Tony Dobrowolski | Out of The Pages: Don't panic; hold on to your stocks


PITTSFIELD >> One of my Facebook friends summed up the current state of the economy pretty well last week. He wrote that the stock market had one of its best days last Monday.

He's right. Last Monday was Martin Luther King Day. The markets were closed.

Ironic, right? It would also be funny if it weren't so true.

This January has been absolutely awful on Wall Street. Global insecurity combined with plummeting oil prices have sent investor's portfolios tumbling, often rapidly.

In China, stocks fell so far so fast on Jan. 7 that trading had to be halted after just 30 minutes, which sent tremors through the markets around the world.

Things have stabilized a little since then. But at this time, the downward spiral shows no signs of abating. That's not good news for the economy.

I'll leave the finer points of market analysis to the financial columnists, pundits, and gurus, who know a heck of a lot more about what's going on than me.

What I will say is that if you have investments in the stock market this isn't the time to sell them. Serious investors are usually in it for the long haul, and when you go long in the market you're usually going to have to weather some storms. To me, long term investing is comparable to what sailing a clipper ship on the ocean must have been like. There are going to be rough patches where you're dealing with elements beyond your control that can toss your boat all over the place. But once the storms are over there will inevitably be calm patches where the sailing is smooth.

If you don't believe me, I refer you to the financial pundits. A business reporter on television summed the whole situation up succinctly on Thursday when she said, "patience is a virtue." Sure, it's a cliche. But it's also true.

It's hard to resist the temptation to sell in our current society when everything is geared towards instant gratification. Online tools like e-trade make trading stocks look like some sort of video game. But there's a lot more to it than that.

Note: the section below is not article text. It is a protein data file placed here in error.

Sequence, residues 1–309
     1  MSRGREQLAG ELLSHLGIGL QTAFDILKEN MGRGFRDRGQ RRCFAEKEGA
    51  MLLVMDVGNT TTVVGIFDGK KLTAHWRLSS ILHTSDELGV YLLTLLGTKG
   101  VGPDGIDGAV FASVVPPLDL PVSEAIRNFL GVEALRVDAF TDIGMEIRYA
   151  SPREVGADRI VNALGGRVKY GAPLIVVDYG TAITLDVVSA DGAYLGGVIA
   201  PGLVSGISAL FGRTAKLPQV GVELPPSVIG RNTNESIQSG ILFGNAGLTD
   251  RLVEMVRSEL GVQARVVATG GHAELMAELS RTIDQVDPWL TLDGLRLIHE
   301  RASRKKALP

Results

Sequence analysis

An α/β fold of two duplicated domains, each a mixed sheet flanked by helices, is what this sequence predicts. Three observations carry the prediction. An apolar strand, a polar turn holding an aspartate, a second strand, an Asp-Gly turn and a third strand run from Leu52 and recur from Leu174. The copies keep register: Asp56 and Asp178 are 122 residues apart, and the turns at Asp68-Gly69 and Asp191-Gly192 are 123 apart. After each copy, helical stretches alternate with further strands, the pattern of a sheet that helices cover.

So hold on to your stocks. Sooner or later the current downturn will subside. You'll be glad that you waited.

What's in a password?

Passwords are an integral part of our daily lives now. In a world, we use them for everything.

But passwords can be easy to forget if you have to remember a lot of them. And, the kinds of codes we're required to use to form a password can also make coming up with them a hassle. Many require a number, a symbol, a capital letter, etc.

Given those requirements, our passwords often end up looking like the dialogue you used to see in comic books or cartoons to signify that someone had dropped an anvil on their foot, something like $#2!Zx3%!

Lots of people take the path of least resistance and use something common that they can remember, but that also doesn't work. SplashData annually releases a list of the most popular passwords that are discovered in data breaches that were released online over the previous 12 months.

The most popular choices in 2015? "12346" and "password". According to The Washington Post, these two choices have held the top two spots for two years running.

Here are some more popularly breached passwords from last year: "football", "baseball" and "starwars". The latter joining the list in 2015 (I wonder why). It was the 25th most popular choice.

If you're faced with this dilemma, here's what the Post recommends: Consumers are probably better off trying to remember strong, unique passwords for important services, and turning on two-factor authentication, a system where the user has to go through another step to confirm their identity when they log in, like entering a code that's texted to your phone.

Yes, it's difficult, frustrating and time consuming. But when the alternative is losing your data, the extra time is worth the risk.

Tony Dobrowolski is the business editor of The Berkshire Eagle. He can be reached at


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